Tuesday 8 December 2009

Blackbird for breakfast?

Jim Cracknell took several pictures of this Sparrowhawk in his garden last week...

Saturday 24 October 2009

Autumnal notes

For the first time for a number of years the Bourn Bridge Road and Linton Road arable fields have been ploughed early. The big field just beyond the railway to the east of Chalky Road was in stubble until recently, but owing to the drought there was only one of our 'target' stubble plants above the ground, nothing to justify an expedition. I had hopes that the recent rain might have had some good results, only to find that the plough has now arrived there too.

Another good year for fruits and berries is some consolation. The Spindle Tree near the river at the border between the cricket and fooball fields is looking better than ever. Derek Turnidge provided these photos.

Next month's village News will have details of our autumn Members Meeting which will be on the morning of Saturday 14th November. Prominent points will be deciding on one or two winter bird outings, and collecting ideas for our Naturewatch Evening early in the New Year.

Pat Daunt
Naturewatch coordinator

Saturday 26 September 2009

River sampling - 26th September 2009

Beetle larvae


We sampled at the ford and near the newly repainted Millennium Bridge in a river that was quite low - with a lot of fools' water-cress in places. The samples were less abundant than usual but we saw one or two interesting creatures in and around the river, including a shoal of around 20 fish and a mallard. We also heard a great spotted woodpecker. The samples were predominantly larvae and shrimp, with a few worms and snails.

Monday 21 September 2009

Recent Bird sightings

We have had a flock (charm?) of up to 18 Goldfinches in the garden over the last few days.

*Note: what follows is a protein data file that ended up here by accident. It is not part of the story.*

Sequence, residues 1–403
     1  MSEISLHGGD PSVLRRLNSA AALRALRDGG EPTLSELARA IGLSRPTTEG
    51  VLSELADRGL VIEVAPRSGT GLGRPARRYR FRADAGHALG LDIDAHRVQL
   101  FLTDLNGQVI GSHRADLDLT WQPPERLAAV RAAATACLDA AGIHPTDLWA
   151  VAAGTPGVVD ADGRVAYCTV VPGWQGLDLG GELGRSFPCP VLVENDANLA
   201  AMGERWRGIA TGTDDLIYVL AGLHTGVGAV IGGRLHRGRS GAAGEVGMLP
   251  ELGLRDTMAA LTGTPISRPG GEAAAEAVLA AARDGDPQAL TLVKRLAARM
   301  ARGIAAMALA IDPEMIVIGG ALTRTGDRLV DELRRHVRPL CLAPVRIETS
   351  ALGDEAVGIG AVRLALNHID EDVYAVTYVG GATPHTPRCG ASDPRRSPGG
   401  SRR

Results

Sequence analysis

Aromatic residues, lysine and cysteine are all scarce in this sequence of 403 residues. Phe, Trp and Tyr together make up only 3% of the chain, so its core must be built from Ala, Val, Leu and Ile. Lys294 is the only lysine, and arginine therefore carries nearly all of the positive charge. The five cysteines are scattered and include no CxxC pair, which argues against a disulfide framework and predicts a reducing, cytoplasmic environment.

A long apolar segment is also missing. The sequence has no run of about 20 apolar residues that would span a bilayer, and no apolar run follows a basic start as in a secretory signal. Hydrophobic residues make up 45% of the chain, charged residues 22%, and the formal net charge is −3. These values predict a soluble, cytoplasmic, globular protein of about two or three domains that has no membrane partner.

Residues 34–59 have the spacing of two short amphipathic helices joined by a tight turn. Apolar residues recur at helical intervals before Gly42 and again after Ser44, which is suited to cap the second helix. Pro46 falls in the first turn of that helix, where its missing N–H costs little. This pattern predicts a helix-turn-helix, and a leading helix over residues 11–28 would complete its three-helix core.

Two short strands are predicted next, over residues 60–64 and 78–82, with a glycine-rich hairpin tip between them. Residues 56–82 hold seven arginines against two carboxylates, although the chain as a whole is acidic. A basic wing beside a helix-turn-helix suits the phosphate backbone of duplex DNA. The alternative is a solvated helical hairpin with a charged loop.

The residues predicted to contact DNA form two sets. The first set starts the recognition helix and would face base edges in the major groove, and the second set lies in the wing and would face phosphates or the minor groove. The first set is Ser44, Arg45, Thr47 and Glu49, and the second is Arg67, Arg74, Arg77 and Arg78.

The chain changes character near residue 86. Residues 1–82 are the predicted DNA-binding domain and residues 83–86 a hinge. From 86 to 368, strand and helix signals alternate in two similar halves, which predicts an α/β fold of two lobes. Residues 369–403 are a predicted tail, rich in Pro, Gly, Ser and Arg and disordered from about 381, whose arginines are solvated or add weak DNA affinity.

On Monday lunchtime I was lucky enough to see a Kingfisher fly away upriver from the bank near the football pitch.
Please continue to let me have a note of any unusual sightings - there will we hope be winter visitors to report later: Redwings, Fieldfares, Bramblings....

Derek Turnidge
17 September

Swans at Granta Park

Photo by Liz Obstfeld

Thursday 23 July 2009

Roman Road Flora Study - 21st July 2009

When we met on the Hildersham - Balsham road, the weather did not look promising but we managed a couple of hours between showers.

The verges of the track up towards Gunner’s Hall offered an abundance of the taller plants with moderate diversity. Especially good to see were plenty of Restharrow and some Burnet Saxifrage, with the greenish tinge of its flowers quite clear. Other abundant calcicoles were Field Scabious, Greater Knapweed, Common Knapweed (’Hardheads’) still in bud, Wild Parsnip, White Campion, Mignonette, Perforate St John’s Wort and Lady’s Bedstraw. Prickly Oxtongue, Mugwort and Red Clover were also prominent. Of the shrubs in what is left of the high hedge, Spindle showed not many green fruits but Buckthorn plenty.

Many small bumble bees, notably buff- and white-tails, were busy especially on the purple blooms.

When we reached the Roman Road we were greeted by a fine clump of Viper’s Bugloss. Generally, here too only larger plants could flourish following the E.A’s radical clearance a few years back. There were some fine Mignonettes, while Parsnip and the Knapweeds (some Hardheads here in bloom) were seen in big numbers, Parsnip sometimes massed as was Spear Thistle; some of both Campions and occasional strands of White Bryony were there too. The pink buds were easy to spot on some good patches of Hedge Parsley (Torilis) and Wild Basil was widespread, scrambling its way upwards into the light. We were surprised not to see Wild Carrot, having one of its good years.

A few Gatekeepers, Ringlets and Meadow Browns were seen and several Painted Ladies, as well as one or two Cinnabar caterpillars on Ragwort and one happy Five-spot Burnet. The Nature Notes in my newspaper today reports: ‘The day-flying black and scarlet spotted burnet moths cling to the purple flower heads of the thistles, like drunks to an all-night bar’.

Viper's Bugloss

St John's Wort

Fly on Ragwort

Hedge Parsley (Torilis) and Wild Parsnip

Mignonette & Wild Basil


Monday 13 July 2009

Moth trapping - June 2009

Among others, David Farrant trapped these 3 moths in June:

Buff Tip

Elephant Hawk Moth

Swallowtailed moth

Saturday 11 July 2009

Fleam Dyke Walk - 11th July 2009

We met at the layby on the A11 and headed north-west along Fleam Dyke, returned for lunch and then headed south-east. A good show of butterflies and chalk-loving plants.

Bats in Little Abington church